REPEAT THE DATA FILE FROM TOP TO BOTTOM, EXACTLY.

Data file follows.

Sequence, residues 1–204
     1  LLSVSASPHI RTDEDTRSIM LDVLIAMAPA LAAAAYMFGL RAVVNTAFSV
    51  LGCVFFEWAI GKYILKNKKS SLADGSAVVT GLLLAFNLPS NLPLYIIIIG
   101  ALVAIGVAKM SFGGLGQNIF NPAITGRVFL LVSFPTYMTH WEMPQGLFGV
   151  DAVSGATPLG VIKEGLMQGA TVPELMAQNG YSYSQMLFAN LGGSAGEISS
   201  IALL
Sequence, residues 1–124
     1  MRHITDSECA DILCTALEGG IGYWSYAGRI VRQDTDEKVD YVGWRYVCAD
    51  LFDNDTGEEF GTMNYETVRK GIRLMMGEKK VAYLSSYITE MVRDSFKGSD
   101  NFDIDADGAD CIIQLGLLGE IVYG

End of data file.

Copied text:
Sequence, residues 1–204
     1  LLSVSASPHI RTDEDTRSIM LDVLIAMAPA LAAAAYMFGL RAVVNTAFSV
    51  LGCVFFEWAI GKYILKNKKS SLADGSAVVT GLLLAFNLPS NLPLYIIIIG
   101  ALVAIGVAKM SFGGLGQNIF NPAITGRVFL LVSFPTYMTH WEMPQGLFGV
   151  DAVSGATPLG VIKEGLMQGA TVPELMAQNG YSYSQMLFAN LGGSAGEISS
   201  IALL
Sequence, residues 1–124
     1  MRHITDSECA DILCTALEGG IGYWSYAGRI VRQDTDEKVD YVGWRYVCAD
    51  LFDNDTGEEF GTMNYETVRK GIRLMMGEKK VAYLSSYITE MVRDSFKGSD
   101  NFDIDADGAD CIIQLGLLGE IVYG